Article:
I welcome you all to Yola. I specially commend the Members of the House of Representatives’ Special Committee on Constitution Review for embarking on this patriotic and constitutional duty, at this time when the country is at a near crossroad. Parliaments all over the world, remain the hallmark of democracy and the very legitimate instrument for effecting any reasonable amendment to any part or whole of the provisions of the constitution in a civilized clime. In Nigeria, the exercise of this powers is conferred on the legislature, by the provisions of Sections 4, 8, and 9 of the Constitution of the Federal Republic of Nigeria, 1999 (as amended). What you are doing is therefore within your Constitutional callings as legislators and as the leader of a civilized polity, I want to reassure you that the people of Adamawa State are with you on this and would support any effort the stabilize and chart a good course for Nigeria.
No doubt, these are indeed trying moments for our country. From the structure to the institutions; the nationality to citizenship; everything Nigerian is on trial. And this include the Constitution. Bickering, suspicion, mistrust, and a general lack of confidence in the workability of the Country are setting in as stock in trade in the hands of the merchants of destabilization. While there seems to be so much concerns about the constitution which I also admit can be genuine; personally, I feel that the issue is hyped and unnecessarily over-exaggerated to the point of infamy. More infamous is the way and manner it is being brandished and exploited by the purveyors of disaffection. We must not give in to any attempt to be blackmailed into unconstitutional means of amending or outrightly truncating a legitimate bond of coexistence by a handful few. That is why, I commend the importance of today’s event. If anybody has issue with the constitution, this is the right platform to air such issue and have his/her views captured in the amendments.
I have gone through the concept note for the Public Hearing and studied the thematic areas earmarked for alteration. I might not come here handy with a formal memorandum, but my thoughts around the issues can be shared:
Issue No. 1. For the Public Hearing
Gender Equity/increased participation of Women and Vulnerable Groups in Governance.
Domestication of International and Regional Human Rights Instruments specifically enacted for the promotion and protection of Women’s Rights; such as:
i. Convention on the Elimination of all forms of Discrimination Against Women (CEDAW), 1979. ii. Universal Declaration on Human Rights 1948 iii. Beijing Declaration for Action 1995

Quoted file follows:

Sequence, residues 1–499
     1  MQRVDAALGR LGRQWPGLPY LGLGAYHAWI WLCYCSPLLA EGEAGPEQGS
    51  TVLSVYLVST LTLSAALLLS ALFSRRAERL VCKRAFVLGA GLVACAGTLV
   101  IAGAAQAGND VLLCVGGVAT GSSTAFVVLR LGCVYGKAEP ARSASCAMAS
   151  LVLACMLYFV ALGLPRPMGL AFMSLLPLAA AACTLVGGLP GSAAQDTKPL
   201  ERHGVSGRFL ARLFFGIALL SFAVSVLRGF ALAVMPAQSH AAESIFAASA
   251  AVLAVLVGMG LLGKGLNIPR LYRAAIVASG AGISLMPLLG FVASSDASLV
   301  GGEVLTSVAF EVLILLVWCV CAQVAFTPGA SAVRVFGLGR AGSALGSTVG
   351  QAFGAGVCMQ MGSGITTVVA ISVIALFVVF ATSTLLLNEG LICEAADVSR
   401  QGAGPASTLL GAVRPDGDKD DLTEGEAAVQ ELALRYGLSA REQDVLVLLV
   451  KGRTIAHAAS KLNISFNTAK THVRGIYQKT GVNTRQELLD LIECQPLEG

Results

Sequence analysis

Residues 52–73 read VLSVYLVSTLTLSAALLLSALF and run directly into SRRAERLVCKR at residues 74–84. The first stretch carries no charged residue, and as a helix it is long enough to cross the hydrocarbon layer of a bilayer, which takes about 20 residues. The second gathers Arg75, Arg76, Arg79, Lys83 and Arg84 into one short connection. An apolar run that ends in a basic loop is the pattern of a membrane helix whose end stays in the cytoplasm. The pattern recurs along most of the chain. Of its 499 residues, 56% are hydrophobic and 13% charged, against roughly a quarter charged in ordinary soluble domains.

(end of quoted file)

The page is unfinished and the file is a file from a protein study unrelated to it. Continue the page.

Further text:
The basis for the call for the domestication in Nigerian constitution is that these instruments are not enforceable in the 1999 Constitution.
Issue No. 2 for Public Hearing Local Government
i. It should be provided in the constitution that the Local Governments should be granted autonomy in terms of their administration.
ii. The tenure of office for all Local Governments should be uniform through out the federation
iii. Financial autonomy should be granted in the constitution
Issue No. 5 (7) for Public Hearing Devolution Power
Items listed under this head are items on the exclusive legislative list. For effective management and handling of the items, they should be moved to the concurrent legislative list. The items are:
i. Quarantine (No. 54 in the Exclusive List) ii. Drugs and Poisons (No. 21 in the Exclusive List)
iii. Police (No. 45 in the Exclusive List) to give room for the creation of State Police for States that can afford it.
Issue No.6(a) for Public Hearing
Constitutional Provision for the Establishment of State Police.
We support the creation of State Police
In conclusion, as imperfect as the 1999 Constitution might look like, I feel that it is perhaps an underutilized instrument. Most of the people hyping its inadequacies, have not in the minimum exploited its abundance. How much have we tested the venom of its provisions? How has it failed to address the question of survival, justice and fairness which remain the basic yardstick for measuring the workability of an ideal constitution? The constitution remains a legal document. The extent to which it can serve any purpose has more to do with the operators than the document. Beyond the Constitution and its content, is the fact that we must as citizens be true to ourselves; we must provide justice and fairness to fellow citizens; we must raise above pettiness and concentrate on issues that promote harmony and unity. Anything short, will return us back to this point. A point where we get stuck to blaming a document instead of ourselves. There is indeed no perfect constitution in the world. What is obtained in other climes is a collective resolve of the citizens to allow the available provision to work. This collective resolve is what sadly is lacking and badly needed in Nigeria.
Once more welcome to Yola and I wish everyone a fruitful deliberation.